Jamie Campbell Bower, Jemima West, Lily Collins, Kevin Zegers, Robert Sheehan, Ben Barnes, CCH Pounder, Jonathan Rhys Meyers
Jessica Postigo (Screenplay), I. Marlene King (Writer), Cassandra Clare (Novel)
"The Mortal Instruments: City of Bones"
I was midway through this latest Hollywood attempt at grabbing those highly prized teen and 'tween box-office dollars when the thought popped into my head that somewhere a porn producer was already putting together a film called The Mortal Instruments: City of Boners.
It was actually the only time I laughed or was even remotely entertained while watching The Mortal Instruments: City of Bones, a film based upon the first in a series of novels by Catherine Clare that is such a painfully obvious rip-off of everything else we've already seen in the youth sci-fi market that you'll likely spend most of your time not invested in the story but mentally telling yourself what other film it's ripping off.
If, like me, you cringed while watching the film's overwrought and melodramatic trailer then you already have a terrific idea of what to expect from The Mortal Instruments, an overly long and overly dramatic 130-minute journey through the age-old battle between good and evil that almost, and I stress ALMOST, makes one long for the good ole' days of Kristen Stewart, Robert Pattinson, and Taylor Lautner.
I said ALMOST.
Truthfully, it more makes me long for mature children and youth able to discern the truth that this is nothing more than cinematic drivel that almost instantly drops the IQ a few points. It really doesn't help matters that the film features Jamie Campbell Bower, of Twilight fame, whose acting style has transitioned from brooding to really, really brooding.
The story evolves around Clary (Lily Collins), a seemingly normal teenager who rather quickly realizes she's really not that normal when she starts seeing things that no one else can see. Her mother (Lena Headey) gets attacked and ends up missing so Clary and her best friend Simon (Robert Sheehan) join forces with a brooding Shadowhunter named Jace (Bower) to hunt her down. With the forces of evil on her trail because they believe she knows the location of the Mortal Cup (which again makes me think of porno), it all becomes a race against time.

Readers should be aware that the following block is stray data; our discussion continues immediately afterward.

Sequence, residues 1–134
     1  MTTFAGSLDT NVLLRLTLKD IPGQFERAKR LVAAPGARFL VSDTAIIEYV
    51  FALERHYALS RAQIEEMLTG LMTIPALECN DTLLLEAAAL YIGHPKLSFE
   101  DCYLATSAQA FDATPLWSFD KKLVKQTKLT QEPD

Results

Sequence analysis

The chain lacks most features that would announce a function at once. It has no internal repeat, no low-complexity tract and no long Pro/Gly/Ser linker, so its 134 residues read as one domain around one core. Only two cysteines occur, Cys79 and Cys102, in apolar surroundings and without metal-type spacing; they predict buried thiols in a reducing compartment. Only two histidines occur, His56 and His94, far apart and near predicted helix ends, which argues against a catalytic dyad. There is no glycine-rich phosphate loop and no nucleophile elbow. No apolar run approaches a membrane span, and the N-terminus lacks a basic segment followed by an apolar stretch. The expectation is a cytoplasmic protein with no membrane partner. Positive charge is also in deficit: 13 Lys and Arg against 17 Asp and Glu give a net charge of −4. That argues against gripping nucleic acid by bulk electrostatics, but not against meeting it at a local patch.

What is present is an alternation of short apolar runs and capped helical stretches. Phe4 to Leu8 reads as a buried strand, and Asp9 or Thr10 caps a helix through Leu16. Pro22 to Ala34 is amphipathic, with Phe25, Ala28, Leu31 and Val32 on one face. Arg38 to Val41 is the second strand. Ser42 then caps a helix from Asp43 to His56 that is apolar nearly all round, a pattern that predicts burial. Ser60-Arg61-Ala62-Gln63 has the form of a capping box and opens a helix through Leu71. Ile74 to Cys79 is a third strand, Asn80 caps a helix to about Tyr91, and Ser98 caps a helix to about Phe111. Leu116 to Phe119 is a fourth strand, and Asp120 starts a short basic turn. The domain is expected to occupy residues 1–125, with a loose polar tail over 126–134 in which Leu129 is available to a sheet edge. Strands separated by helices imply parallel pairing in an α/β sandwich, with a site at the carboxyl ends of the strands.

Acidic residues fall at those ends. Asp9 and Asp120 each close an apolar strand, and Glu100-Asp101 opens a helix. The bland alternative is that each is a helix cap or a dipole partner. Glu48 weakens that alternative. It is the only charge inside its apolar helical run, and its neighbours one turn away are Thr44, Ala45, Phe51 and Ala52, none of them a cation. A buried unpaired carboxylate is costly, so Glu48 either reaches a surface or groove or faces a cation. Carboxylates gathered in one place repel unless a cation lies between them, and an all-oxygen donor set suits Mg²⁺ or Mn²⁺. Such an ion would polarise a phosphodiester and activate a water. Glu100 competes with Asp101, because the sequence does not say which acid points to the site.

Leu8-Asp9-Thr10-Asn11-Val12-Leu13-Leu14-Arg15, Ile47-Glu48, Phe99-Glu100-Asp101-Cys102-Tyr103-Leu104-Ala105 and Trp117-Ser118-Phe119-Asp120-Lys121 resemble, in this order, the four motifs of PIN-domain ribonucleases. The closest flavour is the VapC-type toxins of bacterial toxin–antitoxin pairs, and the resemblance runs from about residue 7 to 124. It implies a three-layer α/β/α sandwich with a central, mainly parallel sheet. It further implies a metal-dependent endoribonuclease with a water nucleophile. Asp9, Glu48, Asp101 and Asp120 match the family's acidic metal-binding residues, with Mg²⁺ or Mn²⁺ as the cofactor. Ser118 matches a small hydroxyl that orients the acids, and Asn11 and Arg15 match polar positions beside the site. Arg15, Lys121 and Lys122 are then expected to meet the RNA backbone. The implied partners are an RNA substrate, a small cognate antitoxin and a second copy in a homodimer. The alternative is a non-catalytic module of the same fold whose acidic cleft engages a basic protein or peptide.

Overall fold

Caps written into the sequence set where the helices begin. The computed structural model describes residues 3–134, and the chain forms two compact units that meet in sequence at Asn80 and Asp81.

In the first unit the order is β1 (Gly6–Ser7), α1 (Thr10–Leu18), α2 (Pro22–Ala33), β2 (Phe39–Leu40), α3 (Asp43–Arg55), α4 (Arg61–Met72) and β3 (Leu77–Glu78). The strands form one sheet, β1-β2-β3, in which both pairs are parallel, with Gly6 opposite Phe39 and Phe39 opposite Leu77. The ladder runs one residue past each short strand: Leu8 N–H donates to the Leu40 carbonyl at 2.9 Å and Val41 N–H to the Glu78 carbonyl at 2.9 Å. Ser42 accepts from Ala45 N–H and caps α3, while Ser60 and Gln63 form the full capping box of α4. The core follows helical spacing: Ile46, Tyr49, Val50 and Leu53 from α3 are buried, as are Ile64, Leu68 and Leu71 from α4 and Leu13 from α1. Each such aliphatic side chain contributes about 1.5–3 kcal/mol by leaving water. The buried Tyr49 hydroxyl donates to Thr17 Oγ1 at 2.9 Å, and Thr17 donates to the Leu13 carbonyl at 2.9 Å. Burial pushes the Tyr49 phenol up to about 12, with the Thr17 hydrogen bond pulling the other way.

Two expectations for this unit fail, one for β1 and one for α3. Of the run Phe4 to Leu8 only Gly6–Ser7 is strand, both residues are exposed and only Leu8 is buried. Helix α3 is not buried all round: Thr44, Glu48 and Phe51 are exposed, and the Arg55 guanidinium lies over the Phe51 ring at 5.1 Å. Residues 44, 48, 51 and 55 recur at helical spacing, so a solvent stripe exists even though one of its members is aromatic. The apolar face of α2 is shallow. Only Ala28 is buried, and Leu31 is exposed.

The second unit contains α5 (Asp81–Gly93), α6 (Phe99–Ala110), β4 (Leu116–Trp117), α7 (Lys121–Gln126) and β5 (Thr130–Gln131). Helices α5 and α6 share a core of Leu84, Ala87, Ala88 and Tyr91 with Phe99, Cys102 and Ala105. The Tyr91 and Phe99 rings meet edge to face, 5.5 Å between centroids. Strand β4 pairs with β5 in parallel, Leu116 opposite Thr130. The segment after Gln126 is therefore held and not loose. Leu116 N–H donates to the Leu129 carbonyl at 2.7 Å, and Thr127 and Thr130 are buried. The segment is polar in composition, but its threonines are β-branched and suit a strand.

Or something like that.
The adults in the film fare worse in the film, most especially Jonathan Rhys Meyers as the power hungry Valentine and Jared Harris as Hodge Starkweather, a tutor of sorts for Jace. CCH Pounder manages to not deface her entire career as Madame Dorothea, though this turn will certainly not have Hollywood knocking on her door. Kevin Zegers, who showed so much promise in TransAmerica, continues to struggle to find another quality project.
Screenwriter Jessica Postigo serves up a script that feels like a working draft with an abundance of unnecessary exposition and dialogue so derivative that only teenagers who actually thought Taylor Lautner could act will likely find it convincing. Production values are generally fine for the $60 million Screen Gems release with Geir Hartly Andreassen's lensing capturing the expected style and Atli Orvarsson's original music following suit.
It'll be interesting to see if America's in the mood for another young adult sci-fi series, though it may not matter since a sequel is already shooting in Toronto.
© Written by Richard Propes
The Independent Critic